Multicentric carpal tarsal osteolysis
Multicentric carpal tarsal osteolysis is a rare skeletal disorder which is characterized by progressive osteolysis of the carpal, metacarpal and tarsal bones. It usually presents in early childhood with progressive pain and stiffness of the wrist, feet and elbow, clinically mimicking juvenile rheumatoid arthritis. This leads to joint deformities and is also often associated with chronic renal failure.
Multicentric carpal tarsal osteolysis syndrome is inherited in an autosomal dominant fashion with complete penetrance. It is caused by mutations in the MAFB (MAF BZIP transcription factor B) gene .
Most people with multicentric carpal tarsal osteolysis will have symptoms of cachexia, carpal osteolysis, EMG abnormality, gait disturbance, limited joint mobility, micrognathia, proptosis, proteinuria, wrist swelling, slender long bone, triangular face, and metacarpal osteolysis. Less common symptoms are camptodactyly of the finger, telecanthus, wide nasal bridge and downturned corners of mouth. Nephropathy can also occur which can lead to end-stage renal failure .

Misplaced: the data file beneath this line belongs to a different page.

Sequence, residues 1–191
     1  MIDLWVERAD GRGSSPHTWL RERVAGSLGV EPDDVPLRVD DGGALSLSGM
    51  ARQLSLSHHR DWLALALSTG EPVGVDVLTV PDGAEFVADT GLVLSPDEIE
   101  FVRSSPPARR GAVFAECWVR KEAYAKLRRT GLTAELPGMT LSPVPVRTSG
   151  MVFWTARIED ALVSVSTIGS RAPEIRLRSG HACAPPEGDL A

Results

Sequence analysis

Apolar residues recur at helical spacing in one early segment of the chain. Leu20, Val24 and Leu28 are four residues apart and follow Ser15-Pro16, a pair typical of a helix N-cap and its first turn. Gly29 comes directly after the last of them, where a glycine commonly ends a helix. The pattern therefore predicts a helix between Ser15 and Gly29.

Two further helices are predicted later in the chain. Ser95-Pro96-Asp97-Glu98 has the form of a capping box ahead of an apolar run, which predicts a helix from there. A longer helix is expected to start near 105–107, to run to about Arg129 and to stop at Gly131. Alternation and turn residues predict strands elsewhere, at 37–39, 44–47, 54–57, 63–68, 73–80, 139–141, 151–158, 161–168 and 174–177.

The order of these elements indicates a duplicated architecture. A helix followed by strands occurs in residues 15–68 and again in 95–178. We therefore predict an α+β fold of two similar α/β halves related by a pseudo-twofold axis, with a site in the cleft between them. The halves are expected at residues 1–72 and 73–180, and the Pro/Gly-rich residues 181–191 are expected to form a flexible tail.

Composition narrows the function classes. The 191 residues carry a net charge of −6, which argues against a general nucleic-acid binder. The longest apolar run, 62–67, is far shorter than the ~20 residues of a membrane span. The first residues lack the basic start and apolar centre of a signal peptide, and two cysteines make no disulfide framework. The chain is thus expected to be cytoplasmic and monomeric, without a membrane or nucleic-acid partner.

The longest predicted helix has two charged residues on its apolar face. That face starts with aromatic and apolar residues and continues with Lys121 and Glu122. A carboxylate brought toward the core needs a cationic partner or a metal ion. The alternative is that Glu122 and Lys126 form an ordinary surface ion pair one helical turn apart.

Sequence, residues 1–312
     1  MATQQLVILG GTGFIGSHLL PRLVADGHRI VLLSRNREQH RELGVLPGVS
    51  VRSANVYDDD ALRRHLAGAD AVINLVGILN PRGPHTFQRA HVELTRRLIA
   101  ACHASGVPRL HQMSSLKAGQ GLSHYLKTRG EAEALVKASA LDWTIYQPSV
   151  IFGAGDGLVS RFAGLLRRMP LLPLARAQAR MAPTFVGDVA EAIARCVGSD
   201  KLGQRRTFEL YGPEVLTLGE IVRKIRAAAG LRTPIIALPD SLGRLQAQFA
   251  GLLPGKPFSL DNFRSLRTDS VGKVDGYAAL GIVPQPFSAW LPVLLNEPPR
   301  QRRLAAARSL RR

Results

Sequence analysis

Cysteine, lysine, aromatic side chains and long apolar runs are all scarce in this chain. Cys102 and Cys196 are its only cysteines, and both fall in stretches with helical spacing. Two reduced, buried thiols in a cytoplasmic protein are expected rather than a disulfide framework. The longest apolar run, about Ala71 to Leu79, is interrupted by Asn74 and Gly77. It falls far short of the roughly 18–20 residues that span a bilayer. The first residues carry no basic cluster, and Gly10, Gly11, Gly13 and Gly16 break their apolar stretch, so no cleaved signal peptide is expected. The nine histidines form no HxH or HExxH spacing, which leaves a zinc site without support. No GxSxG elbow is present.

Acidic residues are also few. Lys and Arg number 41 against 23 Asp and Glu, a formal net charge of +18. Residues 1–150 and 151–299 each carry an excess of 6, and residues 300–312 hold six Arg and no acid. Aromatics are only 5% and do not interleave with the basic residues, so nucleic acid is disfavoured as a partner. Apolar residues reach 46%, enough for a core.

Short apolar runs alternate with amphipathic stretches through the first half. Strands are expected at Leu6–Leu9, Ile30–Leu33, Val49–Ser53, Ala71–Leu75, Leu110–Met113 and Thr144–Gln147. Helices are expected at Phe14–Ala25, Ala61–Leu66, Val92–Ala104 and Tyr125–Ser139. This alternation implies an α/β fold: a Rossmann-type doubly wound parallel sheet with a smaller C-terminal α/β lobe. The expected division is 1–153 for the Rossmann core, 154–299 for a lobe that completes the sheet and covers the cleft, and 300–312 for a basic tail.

The pathogenesis of multicentric carpal tarsal osteolysis is still uncertain. It is thought that a mutation in the MAFB gene causes an imbalance in bone remodeling hence leading to osteolysis .
Plain radiographs show the characteristic appearance of the progressive destruction of carpal and tarsal bones with relatively preserved metacarpals and phalanges. During the early stages, there is progressive demineralization of the carpal and tarsal bones with loss of bone contours. In the later stages, this progresses to resorption of adjacent tubular bones leading to the tapering of the proximal ends of the metacarpals and metatarsals with a characteristic "sucked candy" appearance .
Treatment and prognosis
Multicentric carpal tarsal osteolysis syndrome is a very rare disorder and no specific treatment exists yet for this condition .